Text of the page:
Since the last time ETSC published a report looking at the safety of goods and passenger transport in 2013, the transport sector has continued to evolve. Just-in-time delivery in many industries; next-day delivery of single items from online shops; clothes bought, tried on and then returned; supermarket home delivery… in the background of all these services is an international network of transport that ends with goods vehicles criss-crossing countries, cities and towns.
Our new report looks at the toll that the transport of goods and services has taken in terms of road deaths over the period 2010 to 2018. It examines the performance of individual countries, as well as the European Union as a whole, in tackling the risks, and describes some of the policies needed to reduce deaths and serious injuries in the future.
The majority of those killed in collisions involving HGVs are not HGV occupants but other road users.
In 2018, 3,310 people lost their lives in police-reported road collisions involving a heavy goods vehicle (HGV) of 3.5t or above in the EU. In the same year, 2,630 people were killed in collisions involving a light goods vehicle (LGV) of less than 3.5t. These numbers represent 25% of the overall number of road deaths.
Data from countries that collect distance travelled by vehicle type show that fatal road collisions involving HGVs are much more frequent than those involving other vehicles. On a per-km basis, up to three times as many people die in collisions involving HGVs as die in collisions involving only non-goods vehicles.
The majority of those killed in collisions involving HGVs are not HGV occupants but other road users. Car occupants represent half (50%) of all deaths in collisions involving HGVs – the largest share of any road user group. Vulnerable road users account for nearly a third (28%). Of these, 13% are pedestrians, 7% are cyclists and 8% are users of powered two-wheeler (PTW), i.e. motorcycles and mopeds. Occupants of HGVs make up 12% of all road deaths involving an HGV; 11% are the drivers and 1% passengers.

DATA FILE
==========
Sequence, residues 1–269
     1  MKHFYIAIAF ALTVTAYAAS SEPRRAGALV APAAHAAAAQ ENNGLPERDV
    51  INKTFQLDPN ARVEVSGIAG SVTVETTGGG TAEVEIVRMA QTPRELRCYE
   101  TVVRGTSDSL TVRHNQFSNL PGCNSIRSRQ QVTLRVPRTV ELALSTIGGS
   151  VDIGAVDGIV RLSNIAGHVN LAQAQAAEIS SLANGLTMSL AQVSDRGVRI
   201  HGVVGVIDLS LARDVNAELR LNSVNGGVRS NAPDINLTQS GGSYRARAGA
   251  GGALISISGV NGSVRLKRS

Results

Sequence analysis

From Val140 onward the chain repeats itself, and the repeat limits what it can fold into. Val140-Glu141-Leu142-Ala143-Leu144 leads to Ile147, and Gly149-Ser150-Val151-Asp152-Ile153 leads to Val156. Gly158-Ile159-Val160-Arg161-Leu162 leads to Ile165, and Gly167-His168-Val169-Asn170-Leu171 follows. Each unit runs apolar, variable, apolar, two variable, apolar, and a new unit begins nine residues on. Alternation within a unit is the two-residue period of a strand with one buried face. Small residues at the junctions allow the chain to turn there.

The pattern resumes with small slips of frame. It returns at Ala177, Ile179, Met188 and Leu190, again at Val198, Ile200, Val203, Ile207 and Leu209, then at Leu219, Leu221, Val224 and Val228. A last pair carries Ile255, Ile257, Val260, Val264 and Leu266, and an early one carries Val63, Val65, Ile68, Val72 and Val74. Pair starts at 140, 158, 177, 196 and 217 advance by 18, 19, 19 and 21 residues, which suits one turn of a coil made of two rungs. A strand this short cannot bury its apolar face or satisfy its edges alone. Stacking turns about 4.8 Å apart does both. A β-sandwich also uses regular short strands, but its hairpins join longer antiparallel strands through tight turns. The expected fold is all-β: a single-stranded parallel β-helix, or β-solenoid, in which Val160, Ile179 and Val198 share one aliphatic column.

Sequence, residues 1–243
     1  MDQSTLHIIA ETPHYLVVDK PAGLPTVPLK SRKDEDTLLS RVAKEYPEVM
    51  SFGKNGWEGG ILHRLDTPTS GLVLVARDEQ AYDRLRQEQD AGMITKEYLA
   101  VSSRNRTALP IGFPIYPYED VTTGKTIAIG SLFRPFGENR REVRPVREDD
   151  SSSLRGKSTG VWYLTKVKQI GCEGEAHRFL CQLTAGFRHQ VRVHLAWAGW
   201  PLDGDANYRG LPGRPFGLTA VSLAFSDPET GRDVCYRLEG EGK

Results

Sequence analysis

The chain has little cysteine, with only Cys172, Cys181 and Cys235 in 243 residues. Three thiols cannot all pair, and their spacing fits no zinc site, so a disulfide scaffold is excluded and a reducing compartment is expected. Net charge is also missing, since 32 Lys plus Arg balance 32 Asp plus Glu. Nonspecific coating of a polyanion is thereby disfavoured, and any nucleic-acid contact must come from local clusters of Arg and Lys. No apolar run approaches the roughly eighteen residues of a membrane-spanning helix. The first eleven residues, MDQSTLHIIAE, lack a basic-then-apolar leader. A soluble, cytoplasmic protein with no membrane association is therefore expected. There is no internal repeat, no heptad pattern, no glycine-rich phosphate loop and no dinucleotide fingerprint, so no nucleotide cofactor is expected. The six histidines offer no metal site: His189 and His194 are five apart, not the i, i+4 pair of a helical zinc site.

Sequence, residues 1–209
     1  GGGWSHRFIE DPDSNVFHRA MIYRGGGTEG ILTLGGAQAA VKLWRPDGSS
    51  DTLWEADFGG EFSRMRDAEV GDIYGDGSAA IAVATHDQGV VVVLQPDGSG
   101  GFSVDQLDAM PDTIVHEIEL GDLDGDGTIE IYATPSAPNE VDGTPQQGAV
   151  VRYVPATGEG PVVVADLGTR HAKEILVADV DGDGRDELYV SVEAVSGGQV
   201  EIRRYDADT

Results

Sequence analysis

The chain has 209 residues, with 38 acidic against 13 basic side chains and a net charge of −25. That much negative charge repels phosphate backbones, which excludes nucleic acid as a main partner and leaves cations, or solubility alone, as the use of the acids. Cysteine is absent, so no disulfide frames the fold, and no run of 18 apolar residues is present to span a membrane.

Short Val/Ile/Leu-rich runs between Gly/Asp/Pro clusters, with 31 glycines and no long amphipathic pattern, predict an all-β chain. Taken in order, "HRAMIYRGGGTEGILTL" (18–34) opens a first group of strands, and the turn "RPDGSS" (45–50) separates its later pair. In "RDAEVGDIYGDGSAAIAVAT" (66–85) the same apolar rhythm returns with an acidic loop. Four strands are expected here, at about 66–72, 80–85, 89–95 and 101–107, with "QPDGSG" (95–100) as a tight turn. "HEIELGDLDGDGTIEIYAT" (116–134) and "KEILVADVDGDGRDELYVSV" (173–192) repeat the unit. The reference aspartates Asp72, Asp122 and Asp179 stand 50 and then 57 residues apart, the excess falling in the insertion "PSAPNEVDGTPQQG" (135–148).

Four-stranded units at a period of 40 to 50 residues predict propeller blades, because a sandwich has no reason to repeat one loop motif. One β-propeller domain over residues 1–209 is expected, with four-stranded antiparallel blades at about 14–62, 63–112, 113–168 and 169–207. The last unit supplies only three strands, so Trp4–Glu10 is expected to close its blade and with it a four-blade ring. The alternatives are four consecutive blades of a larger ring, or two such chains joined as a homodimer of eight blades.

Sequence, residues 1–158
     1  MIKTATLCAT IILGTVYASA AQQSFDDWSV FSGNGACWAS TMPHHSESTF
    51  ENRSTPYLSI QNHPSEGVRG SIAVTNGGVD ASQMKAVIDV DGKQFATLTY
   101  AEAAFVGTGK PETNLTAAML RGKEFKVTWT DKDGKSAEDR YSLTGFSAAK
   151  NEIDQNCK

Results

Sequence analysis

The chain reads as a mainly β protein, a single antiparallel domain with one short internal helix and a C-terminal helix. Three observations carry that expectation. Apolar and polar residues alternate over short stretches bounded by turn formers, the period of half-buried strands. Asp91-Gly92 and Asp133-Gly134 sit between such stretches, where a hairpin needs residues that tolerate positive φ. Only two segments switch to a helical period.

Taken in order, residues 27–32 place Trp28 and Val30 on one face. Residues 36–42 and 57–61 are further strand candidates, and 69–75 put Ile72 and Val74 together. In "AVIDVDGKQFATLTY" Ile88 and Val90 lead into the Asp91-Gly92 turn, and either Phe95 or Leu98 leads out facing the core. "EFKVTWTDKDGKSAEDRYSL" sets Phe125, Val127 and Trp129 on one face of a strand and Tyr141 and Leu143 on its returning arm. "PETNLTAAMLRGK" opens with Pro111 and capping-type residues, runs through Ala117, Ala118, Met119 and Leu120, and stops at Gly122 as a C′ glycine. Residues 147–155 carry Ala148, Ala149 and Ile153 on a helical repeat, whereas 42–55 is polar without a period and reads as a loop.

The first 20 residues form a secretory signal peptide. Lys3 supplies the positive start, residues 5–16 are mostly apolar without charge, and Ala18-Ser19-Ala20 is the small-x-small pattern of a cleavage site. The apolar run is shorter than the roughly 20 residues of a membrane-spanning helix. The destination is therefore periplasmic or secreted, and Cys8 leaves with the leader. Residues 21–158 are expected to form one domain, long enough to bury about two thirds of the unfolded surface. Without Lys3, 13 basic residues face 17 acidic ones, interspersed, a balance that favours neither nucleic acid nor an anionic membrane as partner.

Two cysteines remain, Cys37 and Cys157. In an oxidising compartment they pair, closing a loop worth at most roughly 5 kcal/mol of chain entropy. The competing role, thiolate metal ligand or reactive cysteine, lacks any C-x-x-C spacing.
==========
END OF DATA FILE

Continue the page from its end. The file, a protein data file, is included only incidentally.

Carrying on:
Over the nine years covered by this report, deaths in collisions involving HGVs were reduced more slowly than those involving other vehicle types. Since 2010, in the EU, deaths in collisions involving an HGV have been reduced by, on average, 1.8% annually compared with a 2.8% reduction in the number of road deaths in collisions where no goods vehicle of either type was involved.
The number of road deaths in collisions involving an LGV (of less than 3.5t) was reduced by 3.5% annually compared with a 2.8% annual reduction of road deaths in collisions where no goods vehicle of either type was involved. Since 2010, the number of road deaths in collisions involving LGVs has decreased in 18 out of 24 EU countries that could provide data, stagnated in four and increased in two.
General, as well as targeted, road safety measures should be combined in order to sustainably reduce road deaths in collisions involving HGVs and LGVs. These measures are related to safe road infrastructure (e.g. median barriers, rumble strips, safe intersections, safe pedestrian and bicycle crossings), safe road use (e.g. sober drivers, use of seatbelts, secured loads, speed limit compliance) and safe vehicles. Measures also include the enforcement of current legislation, particularly when aimed at HGVs and LGVs, the promotion and large-scale rollout of life-saving technologies, and the training of road users with a particular focus on those who drive as part of their work or profession.